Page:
This technology was developed to address the limitations of traditional, single-fed linear alternators that require permanent magnets, adhesive bonding organics, and heavy iron laminations for flux control. They experience eddy-current losses and require electromagnetic interference protection. Furthermore, they have a limited operational temperature range (only up to 250 °C), which typically declines to below 200 °C as the adhesive bonding organics outgas and degrade over time. Consequently, they are limited to approximately 93% efficiency at ambient temperatures.

Glenn's linear alternator addresses all of the limitations of its predecessors and engenders a number of desirable new qualities — notably, the ability to reduce eddy-current losses by 25% and operate at 99% efficiency at temperatures up to 950 °C. It features a concentric, additively manufactured, monolithic copper plunger and stator. The stator is a stationary, single copper Halbach array, whereas the plunger is a moving, electromagnetic copper Halbach array.

A direct current is delivered through the conductive piston flexure support, which also provides reactive power for resonance. It creates a fixed magnetic field similar to that of a permanent magnet, but the magnetic field is channeled inward by the Halbach mover, doubling its strength.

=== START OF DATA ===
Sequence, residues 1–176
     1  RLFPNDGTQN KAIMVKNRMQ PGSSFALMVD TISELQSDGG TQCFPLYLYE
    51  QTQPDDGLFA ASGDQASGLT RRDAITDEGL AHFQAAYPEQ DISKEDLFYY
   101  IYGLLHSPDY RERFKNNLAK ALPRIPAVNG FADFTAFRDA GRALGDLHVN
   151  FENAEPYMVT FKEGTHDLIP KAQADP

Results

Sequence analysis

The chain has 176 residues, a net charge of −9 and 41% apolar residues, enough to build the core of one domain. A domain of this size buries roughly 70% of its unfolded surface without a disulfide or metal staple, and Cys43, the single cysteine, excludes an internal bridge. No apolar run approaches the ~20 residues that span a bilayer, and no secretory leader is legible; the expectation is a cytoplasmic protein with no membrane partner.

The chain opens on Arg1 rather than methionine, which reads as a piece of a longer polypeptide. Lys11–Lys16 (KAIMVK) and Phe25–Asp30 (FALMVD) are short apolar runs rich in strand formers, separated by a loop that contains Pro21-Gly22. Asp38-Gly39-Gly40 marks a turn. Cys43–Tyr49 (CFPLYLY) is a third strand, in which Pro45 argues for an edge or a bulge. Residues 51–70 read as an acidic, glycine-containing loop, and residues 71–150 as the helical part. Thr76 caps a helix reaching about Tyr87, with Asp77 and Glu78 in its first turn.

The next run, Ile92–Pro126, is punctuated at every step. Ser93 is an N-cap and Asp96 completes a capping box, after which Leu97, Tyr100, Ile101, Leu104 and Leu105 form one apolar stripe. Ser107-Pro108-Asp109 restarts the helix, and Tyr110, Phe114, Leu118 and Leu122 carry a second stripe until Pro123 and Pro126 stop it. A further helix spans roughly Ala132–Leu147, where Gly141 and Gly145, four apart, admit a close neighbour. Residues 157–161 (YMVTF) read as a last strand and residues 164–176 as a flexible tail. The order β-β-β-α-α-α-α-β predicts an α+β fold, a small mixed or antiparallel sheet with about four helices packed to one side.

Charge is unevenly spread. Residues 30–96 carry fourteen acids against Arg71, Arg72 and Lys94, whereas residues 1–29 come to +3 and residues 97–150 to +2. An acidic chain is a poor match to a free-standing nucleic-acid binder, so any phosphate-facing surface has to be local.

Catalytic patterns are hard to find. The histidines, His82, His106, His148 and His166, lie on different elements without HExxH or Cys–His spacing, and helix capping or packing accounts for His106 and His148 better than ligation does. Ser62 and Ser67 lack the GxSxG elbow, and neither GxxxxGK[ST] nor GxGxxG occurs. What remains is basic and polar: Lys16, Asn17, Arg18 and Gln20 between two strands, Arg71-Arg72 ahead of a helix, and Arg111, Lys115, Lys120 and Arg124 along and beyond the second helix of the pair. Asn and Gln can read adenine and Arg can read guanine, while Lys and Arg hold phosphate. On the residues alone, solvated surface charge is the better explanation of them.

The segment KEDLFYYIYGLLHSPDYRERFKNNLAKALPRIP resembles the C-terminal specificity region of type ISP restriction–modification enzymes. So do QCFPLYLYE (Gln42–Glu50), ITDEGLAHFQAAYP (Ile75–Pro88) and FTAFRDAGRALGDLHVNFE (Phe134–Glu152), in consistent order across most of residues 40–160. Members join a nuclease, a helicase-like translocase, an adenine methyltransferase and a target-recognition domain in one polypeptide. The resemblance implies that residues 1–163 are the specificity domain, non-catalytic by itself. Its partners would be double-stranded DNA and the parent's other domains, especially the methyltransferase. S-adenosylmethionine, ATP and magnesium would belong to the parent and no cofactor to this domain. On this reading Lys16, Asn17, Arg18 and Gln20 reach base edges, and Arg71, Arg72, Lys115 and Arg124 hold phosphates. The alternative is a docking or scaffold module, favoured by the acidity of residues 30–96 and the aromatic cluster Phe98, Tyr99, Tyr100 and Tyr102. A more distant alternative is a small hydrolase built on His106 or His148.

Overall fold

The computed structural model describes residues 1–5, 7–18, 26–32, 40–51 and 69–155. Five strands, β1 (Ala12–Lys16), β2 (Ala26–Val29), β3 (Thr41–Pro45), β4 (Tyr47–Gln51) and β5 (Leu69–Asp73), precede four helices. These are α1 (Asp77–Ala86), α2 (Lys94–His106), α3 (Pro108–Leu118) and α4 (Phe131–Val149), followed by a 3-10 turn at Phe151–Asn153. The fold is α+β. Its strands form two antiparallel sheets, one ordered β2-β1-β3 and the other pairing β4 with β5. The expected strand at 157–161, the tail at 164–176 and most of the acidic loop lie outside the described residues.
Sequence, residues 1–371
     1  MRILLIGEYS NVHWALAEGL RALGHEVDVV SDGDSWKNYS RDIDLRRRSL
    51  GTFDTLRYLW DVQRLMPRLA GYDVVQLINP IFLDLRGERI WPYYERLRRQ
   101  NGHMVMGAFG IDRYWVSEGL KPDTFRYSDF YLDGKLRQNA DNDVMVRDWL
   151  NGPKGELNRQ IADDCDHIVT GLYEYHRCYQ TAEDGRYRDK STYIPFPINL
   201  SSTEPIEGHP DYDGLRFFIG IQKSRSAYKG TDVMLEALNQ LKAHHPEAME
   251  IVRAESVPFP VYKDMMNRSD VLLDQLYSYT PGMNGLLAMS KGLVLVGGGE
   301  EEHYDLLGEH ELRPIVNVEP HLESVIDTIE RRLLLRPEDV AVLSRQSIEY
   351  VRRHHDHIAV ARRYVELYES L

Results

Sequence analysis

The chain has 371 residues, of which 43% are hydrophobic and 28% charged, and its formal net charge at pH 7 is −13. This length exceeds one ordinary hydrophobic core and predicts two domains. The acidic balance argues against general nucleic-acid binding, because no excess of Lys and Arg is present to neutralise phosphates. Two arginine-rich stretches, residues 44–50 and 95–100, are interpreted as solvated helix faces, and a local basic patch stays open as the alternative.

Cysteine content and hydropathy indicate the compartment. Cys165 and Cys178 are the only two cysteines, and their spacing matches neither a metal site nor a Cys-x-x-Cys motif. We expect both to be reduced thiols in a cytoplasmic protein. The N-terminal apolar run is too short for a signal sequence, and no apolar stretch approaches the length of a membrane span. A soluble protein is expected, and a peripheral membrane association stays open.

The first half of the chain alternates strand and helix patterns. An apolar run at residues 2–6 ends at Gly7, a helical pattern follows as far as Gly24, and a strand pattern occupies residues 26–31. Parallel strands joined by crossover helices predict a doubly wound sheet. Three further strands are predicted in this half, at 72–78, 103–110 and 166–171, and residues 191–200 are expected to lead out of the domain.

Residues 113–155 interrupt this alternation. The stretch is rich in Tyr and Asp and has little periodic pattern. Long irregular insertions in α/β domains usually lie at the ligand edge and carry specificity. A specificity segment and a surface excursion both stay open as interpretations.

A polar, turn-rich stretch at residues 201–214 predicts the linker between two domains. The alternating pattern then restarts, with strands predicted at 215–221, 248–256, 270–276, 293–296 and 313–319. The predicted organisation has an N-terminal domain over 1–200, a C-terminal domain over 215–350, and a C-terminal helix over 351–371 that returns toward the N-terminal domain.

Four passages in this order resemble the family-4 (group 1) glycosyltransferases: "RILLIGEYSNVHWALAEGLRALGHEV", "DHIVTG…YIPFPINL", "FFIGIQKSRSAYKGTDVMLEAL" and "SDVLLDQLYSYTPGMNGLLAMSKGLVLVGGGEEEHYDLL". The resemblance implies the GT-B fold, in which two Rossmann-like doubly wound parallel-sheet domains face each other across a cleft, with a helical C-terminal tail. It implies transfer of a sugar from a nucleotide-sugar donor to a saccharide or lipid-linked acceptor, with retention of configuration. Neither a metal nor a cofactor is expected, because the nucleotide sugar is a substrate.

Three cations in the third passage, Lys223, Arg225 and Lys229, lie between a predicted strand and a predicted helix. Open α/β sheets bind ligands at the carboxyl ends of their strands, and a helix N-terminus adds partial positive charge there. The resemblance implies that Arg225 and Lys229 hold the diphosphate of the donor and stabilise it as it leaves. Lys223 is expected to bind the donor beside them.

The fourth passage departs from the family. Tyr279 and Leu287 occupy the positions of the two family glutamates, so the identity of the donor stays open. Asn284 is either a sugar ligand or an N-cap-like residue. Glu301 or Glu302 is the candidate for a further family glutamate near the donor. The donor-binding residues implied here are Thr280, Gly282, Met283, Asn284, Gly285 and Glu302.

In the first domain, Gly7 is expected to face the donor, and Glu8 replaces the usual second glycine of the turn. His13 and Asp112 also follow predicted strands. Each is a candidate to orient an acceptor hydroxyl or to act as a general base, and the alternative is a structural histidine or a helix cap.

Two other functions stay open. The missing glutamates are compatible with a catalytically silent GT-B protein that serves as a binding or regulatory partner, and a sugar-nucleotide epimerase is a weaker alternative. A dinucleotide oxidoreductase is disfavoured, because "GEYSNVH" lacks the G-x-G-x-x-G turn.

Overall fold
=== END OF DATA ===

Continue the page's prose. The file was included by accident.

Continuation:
By utilizing standard double-fed induction control methods, the reactive power can be transferred and adjusted between both coils. When used with the double-action, extremely light, thermo-acoustic (DELTA) converter, the engine/alternator system is one-tenth the weight of a traditional system. This innovative technology will enable a new class of vastly superior linear alternators with the ability to operate at extreme temperatures with increased performance and efficiency.

NASA is actively seeking licensees to commercialize this technology. Please contact the Technology Transfer Office at This email address is being protected from spambots. You need JavaScript enabled to view it. or 216-433-3484. Follow this link here for more information.